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What D2C Brands Can Learn About Strategy from Chess

By Nick Pietropinto

What D2C Brands Can Learn About Strategy from Chess

I’ve been playing chess since I was five years old. While the game of chess has given me countless hours of enjoyment, it has also taught me valuable lessons that I continue to apply both to my own business as well as the work I do with direct-to-consumer (D2C) clients.

At its core, chess is about strategy. It requires being able to understand the big picture, plan ahead, visualize next steps, anticipate and prepare for your opponents’ moves, and weigh risk versus gain. In other words: to be successful at chess, you need to apply strategic thinking.

The same can be said for business success. To advance your position and goals in business, you must be able to think strategically. The research backs this up. A McKinsey study revealed that the most important trait for high-performing business leaders is the ability to provide insights. The same report found that only 35 percent of executives feel that their strategies were built on effective insights, and only 25 percent think that their companies are good at both strategy and innovation.

Just how important is strategic thinking to business success? Very. Data shows that during a 10-year period, companies with clearly defined strategies showed a 304-percent improvement in profits and a 332-percent increase in sales over their competitors. A lack of strategy, on the other hand, can have a detrimental impact. Research conducted on companies that declared bankruptcy during the past 25 years indicates that the No. 1 contributor for these failures was bad strategy.

So what, then, constitutes “good” strategy? Studies conducted by the Wharton School revealed six skills essential to thinking strategically: the ability to anticipate, challenge, interpret, decide, align, and learn. These same skills needed for strategic thinking in the boardroom can be honed on the chessboard.

In the ever-evolving world of D2C marketing, strategic thinking is particularly critical. To cut through the competitive clutter and reach their target audiences, D2C brands must think strategically about the message they’re conveying, the platforms and media channels they’re using, and the customer experience they’re providing. Your direct response copywriting has to be on the point. You have to constantly look and plan ahead accordingly, anticipating their competitors’ moves and their audience’s shifting preferences.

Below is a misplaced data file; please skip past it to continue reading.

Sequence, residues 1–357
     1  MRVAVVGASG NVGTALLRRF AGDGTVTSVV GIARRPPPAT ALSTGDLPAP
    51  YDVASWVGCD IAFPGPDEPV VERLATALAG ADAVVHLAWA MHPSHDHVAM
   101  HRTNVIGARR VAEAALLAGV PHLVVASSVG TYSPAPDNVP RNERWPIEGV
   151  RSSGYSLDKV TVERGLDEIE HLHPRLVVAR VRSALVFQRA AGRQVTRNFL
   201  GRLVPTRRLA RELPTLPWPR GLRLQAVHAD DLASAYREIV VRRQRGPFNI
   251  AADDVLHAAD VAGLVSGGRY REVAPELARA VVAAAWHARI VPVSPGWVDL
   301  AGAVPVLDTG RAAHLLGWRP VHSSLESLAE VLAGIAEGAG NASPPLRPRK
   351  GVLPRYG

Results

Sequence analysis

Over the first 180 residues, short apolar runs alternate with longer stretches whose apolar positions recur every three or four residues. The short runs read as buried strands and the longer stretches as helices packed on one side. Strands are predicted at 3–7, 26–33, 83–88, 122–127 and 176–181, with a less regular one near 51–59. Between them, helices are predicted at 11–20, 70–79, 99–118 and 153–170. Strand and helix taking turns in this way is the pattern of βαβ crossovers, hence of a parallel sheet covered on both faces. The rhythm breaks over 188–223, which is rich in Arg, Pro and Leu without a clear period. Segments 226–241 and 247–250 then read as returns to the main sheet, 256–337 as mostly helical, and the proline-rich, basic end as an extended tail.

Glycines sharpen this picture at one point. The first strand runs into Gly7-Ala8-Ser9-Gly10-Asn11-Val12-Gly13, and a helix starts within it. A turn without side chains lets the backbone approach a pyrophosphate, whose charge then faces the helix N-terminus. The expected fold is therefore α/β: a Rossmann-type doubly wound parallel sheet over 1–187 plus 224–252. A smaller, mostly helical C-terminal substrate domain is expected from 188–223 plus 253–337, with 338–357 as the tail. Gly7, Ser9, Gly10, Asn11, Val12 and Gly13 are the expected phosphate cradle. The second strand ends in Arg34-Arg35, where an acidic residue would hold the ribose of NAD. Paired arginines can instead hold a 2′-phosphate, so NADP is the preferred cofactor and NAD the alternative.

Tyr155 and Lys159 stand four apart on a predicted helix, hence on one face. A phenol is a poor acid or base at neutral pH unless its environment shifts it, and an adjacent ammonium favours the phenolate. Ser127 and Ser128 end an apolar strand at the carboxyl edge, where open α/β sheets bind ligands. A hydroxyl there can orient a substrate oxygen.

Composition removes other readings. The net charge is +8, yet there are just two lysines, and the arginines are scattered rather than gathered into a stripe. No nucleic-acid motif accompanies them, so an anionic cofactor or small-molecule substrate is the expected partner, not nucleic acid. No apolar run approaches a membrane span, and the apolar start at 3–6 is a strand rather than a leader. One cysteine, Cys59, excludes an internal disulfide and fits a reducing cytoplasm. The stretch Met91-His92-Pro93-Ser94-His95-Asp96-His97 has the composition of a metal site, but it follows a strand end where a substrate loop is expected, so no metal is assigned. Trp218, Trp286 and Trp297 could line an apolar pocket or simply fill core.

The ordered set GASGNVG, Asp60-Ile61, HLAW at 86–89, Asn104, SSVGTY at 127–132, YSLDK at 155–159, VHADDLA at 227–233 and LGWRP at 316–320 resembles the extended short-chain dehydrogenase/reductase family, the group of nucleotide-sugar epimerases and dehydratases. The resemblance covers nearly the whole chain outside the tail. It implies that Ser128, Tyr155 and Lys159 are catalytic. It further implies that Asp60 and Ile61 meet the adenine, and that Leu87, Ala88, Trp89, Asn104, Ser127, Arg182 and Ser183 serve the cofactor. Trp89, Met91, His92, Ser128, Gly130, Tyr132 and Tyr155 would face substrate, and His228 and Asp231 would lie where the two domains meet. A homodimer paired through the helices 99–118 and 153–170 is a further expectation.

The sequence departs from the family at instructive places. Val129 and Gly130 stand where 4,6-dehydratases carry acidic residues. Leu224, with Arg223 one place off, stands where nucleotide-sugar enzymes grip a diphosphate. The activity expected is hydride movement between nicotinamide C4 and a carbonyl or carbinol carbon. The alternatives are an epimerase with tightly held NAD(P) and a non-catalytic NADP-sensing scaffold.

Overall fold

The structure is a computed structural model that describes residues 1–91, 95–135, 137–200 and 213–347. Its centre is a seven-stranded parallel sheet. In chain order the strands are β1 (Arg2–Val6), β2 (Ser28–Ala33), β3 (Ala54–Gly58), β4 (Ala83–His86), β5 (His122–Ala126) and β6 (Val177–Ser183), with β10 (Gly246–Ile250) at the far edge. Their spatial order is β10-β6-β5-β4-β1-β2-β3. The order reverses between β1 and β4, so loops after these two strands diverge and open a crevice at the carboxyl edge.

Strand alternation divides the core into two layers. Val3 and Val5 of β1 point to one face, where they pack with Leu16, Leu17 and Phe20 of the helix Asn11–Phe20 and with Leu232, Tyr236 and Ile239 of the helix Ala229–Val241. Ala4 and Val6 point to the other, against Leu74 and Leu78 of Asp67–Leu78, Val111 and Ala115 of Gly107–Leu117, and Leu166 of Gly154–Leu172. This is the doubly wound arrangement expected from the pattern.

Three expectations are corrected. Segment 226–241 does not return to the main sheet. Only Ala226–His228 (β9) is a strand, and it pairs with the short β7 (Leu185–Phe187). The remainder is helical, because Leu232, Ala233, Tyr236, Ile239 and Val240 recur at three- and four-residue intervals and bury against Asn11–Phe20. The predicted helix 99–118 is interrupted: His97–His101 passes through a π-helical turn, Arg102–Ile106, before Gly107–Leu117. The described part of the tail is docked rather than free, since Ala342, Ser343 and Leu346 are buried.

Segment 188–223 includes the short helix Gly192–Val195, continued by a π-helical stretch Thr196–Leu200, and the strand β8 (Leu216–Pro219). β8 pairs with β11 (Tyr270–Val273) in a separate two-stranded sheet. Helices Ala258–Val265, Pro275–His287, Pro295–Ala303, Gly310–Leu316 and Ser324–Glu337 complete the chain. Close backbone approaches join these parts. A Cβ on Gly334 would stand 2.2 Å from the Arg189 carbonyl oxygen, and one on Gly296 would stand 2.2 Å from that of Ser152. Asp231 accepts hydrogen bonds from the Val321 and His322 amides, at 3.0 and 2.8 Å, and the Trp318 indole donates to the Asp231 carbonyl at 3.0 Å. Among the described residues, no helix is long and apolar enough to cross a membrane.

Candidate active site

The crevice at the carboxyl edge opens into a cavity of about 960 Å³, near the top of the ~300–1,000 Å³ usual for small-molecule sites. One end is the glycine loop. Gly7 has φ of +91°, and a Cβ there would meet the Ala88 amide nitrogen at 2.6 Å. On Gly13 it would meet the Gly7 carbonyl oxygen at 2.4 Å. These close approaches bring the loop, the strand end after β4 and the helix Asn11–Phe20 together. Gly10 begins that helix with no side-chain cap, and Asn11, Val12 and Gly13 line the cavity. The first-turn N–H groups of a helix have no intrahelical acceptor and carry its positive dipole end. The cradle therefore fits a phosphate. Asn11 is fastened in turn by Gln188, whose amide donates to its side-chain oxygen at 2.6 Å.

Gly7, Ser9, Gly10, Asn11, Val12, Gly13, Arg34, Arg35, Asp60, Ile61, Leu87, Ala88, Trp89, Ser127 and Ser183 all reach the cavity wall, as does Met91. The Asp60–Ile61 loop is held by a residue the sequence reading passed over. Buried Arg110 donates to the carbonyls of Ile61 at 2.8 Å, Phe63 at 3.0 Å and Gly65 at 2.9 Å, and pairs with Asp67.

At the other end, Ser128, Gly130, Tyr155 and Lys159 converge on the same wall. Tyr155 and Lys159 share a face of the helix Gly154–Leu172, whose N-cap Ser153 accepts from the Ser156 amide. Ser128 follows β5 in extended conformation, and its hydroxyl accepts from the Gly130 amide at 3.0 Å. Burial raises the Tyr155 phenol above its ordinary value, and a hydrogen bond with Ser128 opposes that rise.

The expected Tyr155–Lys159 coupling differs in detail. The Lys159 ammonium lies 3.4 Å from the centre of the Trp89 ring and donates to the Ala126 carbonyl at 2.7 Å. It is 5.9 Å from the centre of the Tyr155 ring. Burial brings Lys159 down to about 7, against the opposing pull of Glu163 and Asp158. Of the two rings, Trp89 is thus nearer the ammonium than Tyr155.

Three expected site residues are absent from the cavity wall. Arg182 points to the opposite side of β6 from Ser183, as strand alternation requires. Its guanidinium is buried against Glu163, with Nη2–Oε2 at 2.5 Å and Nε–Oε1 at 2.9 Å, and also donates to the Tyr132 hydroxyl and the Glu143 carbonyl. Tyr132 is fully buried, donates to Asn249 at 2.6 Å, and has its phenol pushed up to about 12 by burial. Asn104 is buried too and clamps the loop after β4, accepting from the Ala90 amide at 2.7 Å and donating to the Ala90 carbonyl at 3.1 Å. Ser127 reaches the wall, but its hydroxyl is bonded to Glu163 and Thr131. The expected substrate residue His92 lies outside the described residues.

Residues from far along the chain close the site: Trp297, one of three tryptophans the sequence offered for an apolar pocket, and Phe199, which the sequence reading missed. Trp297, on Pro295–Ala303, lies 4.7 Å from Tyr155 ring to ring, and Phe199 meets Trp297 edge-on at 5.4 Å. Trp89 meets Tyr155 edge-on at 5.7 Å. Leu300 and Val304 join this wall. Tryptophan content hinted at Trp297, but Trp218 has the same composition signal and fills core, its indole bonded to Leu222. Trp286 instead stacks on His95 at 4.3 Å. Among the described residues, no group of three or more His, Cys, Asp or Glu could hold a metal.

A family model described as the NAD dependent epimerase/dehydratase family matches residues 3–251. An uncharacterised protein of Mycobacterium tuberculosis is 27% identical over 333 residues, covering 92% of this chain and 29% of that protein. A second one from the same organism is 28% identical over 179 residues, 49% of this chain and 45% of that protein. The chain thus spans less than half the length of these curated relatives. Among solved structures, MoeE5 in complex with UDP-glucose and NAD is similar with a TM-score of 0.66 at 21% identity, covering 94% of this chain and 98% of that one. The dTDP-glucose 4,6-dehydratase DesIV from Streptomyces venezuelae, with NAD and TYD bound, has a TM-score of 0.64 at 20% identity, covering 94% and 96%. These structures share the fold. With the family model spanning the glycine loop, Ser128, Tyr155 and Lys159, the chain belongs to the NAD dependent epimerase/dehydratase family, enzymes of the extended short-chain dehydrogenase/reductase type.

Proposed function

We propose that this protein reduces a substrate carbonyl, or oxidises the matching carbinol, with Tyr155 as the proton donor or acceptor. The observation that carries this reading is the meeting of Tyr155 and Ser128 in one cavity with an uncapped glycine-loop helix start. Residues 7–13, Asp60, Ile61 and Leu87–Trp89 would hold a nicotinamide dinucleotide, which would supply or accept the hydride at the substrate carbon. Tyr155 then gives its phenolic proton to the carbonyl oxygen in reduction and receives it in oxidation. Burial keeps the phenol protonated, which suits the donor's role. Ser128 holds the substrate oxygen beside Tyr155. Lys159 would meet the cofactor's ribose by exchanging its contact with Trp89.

Let’s take a closer look at specific skills chess teaches us — ones we can apply directly to D2C marketing programs to maximize their success.

  • Leveraging Strengths: D2C brands must identify the strengths and vulnerabilities of their own position — as well as their competitors’ positions — to make the best decisions and come out on top. Capitalize on the strengths of your brand, as well as on the weaknesses of your competition.

  • Planning and Execution: In chess, you shouldn’t make a move without thinking about the consequences and having a long-term plan of action. “Winging it” simply isn’t a winning strategy. Proactive strategic thinking is essential in D2C marketing as well — both having a long-term plan and following through with it.

  • Positioning for Success: In chess, every game piece has an important role to achieve the end game: checkmate. The same goes with every element of your D2C marketing campaign: all the moving pieces must work together to reach the desired result.

  • Risk vs. Reward: Chess requires a willingness to take risks that take your opponent by surprise. Playing it safe is the surest way to lose the game. Likewise, D2C brands that stick to the status quo are more likely to fail. Understanding which risks will generate greater rewards requires a carefully considered strategic approach.

  • Learning and Refining: It takes years — and many defeats— to become a competitive chess player. In D2C marketing, not every campaign will be a success. The key, as in chess, is to learn from mistakes and losses and continually refine your marketing strategy based on what you’ve learned. That’s where tracking and analyzing data collected from your campaigns really comes into play.

Great chess players have something else in common: a mentor who taught and guided them as they developed, tested, and refined their strategies. D2C brands also stand to benefit from guidance and mentorship provided by an expert who understands the importance of strategic thinking.

At Double Diamond VIP, we’ve been helping clients think and act strategically with their D2C marketing programs for decades. In my own professional journey, as well as with my clients, I continually call back to the years I’ve spent over a chessboard, strategizing my next move. It’s been a pleasure and privilege to share what I’ve learned with peers and clients.

Nick Pietropinto is the founder and CEO of Double Diamond VIP. He can be reached via email at For more, visit


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